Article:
ORIGINALLY POSTED on my previous blog on January 11, 2014 (Note: Meshulam Riklis, died on January 25, 2019 is the father of my abuser , Ira Riklis (who turned me into his sex slave) of Sutherland Capital, Lydia Security, COPS Monitoring, among other corporations including those held by the Riklis Family Corp.)
Rapid-American Corporation, the conglomerate created by Meshulam Riklis and the vehicle which made him and his family multi-billionaires, filed for bankruptcy on March 2013. The company cited an increase in the number of mesothelioma, asbestos, and wrongful death claims filed against it, as well as an increase in the dollar amount to settle the claims, according to court documents.
What most shareholders, and even people close to the Riklis family didn’t know was that Rapid-American Corporation also owned Philip Carey Manufacturing Corp. Philip Carey produced insulation materials for boilers, pipes and other industrial equipment. They obtained the asbestos they needed to make their products from the Quebec Asbestos Mining Company. It wasn’t until the 1970s that scientists declared it a toxic material unsafe for human contact.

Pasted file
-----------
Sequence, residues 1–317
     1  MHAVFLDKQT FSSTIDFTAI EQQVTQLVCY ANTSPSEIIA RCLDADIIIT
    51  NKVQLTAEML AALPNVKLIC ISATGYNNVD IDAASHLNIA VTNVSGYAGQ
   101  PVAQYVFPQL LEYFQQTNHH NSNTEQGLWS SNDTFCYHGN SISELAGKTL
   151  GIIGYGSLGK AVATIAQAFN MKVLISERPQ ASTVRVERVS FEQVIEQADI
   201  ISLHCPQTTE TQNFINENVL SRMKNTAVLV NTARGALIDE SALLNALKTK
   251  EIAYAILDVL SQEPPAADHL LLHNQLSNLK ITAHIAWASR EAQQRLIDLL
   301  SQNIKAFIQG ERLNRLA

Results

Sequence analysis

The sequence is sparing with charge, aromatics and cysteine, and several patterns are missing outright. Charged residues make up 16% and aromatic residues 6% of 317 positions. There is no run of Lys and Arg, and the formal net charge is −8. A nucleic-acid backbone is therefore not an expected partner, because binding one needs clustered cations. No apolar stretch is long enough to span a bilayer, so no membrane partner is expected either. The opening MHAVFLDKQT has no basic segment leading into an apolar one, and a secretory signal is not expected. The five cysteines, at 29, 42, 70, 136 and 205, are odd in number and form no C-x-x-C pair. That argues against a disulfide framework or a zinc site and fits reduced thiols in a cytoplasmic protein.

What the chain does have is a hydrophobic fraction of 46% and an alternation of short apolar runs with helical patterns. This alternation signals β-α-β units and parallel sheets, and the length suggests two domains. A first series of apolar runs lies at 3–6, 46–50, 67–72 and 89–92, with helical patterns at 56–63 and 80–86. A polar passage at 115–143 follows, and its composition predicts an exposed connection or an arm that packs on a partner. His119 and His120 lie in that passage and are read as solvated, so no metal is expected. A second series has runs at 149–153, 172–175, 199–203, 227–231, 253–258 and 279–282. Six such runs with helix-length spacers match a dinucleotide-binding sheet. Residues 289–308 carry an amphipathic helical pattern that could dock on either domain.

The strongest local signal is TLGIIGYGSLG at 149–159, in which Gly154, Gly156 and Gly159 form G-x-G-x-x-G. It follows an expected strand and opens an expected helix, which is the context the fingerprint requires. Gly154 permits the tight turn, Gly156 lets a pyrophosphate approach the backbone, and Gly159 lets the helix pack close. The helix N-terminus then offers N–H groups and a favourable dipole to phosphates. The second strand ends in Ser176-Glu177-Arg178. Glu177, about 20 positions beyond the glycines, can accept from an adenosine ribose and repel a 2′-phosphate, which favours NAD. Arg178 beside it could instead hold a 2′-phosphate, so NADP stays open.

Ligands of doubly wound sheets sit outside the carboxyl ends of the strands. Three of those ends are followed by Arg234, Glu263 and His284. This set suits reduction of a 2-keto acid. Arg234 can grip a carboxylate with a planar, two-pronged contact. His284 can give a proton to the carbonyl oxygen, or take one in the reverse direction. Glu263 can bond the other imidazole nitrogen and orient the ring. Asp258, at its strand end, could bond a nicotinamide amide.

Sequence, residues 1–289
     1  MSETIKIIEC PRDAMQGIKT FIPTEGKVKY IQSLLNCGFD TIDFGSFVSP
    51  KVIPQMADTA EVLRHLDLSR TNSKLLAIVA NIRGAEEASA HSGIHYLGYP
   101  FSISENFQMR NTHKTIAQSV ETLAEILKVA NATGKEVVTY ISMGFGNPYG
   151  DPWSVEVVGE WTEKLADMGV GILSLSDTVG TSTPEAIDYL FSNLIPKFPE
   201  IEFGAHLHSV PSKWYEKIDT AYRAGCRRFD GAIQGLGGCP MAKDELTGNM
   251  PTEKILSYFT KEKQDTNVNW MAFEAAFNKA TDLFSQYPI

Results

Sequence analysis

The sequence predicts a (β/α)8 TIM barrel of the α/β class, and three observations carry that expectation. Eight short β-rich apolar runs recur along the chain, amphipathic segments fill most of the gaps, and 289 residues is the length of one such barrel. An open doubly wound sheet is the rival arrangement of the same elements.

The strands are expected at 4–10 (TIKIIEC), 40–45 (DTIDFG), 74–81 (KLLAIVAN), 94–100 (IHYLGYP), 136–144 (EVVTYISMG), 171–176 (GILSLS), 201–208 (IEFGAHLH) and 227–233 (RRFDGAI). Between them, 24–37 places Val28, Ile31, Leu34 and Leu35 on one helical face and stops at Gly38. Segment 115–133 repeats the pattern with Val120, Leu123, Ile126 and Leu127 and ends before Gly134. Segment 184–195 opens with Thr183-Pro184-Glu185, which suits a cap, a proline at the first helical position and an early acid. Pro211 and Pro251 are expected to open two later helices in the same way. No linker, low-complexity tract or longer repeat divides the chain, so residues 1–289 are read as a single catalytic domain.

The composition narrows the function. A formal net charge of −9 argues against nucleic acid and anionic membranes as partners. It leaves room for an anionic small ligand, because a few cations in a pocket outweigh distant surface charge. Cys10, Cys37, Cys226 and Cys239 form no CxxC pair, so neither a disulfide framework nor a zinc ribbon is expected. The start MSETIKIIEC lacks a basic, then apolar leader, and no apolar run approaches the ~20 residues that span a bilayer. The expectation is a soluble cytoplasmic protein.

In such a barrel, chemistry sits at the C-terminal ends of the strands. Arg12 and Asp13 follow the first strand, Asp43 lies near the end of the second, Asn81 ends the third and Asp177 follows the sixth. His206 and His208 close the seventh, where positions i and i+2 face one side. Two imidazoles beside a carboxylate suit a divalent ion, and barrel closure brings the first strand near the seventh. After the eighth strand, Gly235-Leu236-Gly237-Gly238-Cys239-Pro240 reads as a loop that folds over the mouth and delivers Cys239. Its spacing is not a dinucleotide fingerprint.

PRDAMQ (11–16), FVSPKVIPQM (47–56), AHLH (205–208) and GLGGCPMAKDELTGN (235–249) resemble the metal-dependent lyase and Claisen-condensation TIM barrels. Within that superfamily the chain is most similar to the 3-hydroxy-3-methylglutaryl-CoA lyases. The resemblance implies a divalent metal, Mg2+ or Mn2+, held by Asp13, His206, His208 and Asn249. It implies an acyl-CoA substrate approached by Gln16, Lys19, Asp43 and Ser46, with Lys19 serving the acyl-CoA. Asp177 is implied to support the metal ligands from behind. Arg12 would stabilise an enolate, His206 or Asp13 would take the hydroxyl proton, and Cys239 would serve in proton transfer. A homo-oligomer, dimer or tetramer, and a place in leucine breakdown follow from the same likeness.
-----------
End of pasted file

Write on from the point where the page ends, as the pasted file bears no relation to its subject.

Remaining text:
Rapid-American Corporation was first sued for asbestos related injuries in 1974. Riklis then employed a tactic he and his family have used many times using one corporate entity to hide another corporate entity – bottom line to hide the real owners from any legal liability.
Celotex Corporation, owned by Rapid-American (although Jim Walker’s name also appears as the owner of the company – which is exactly what has kept the Riklis family in the background of the ever growing personal injury lawsuits across the country) – became the only entity to handle lawsuits filed against the Philip Carey Corporation.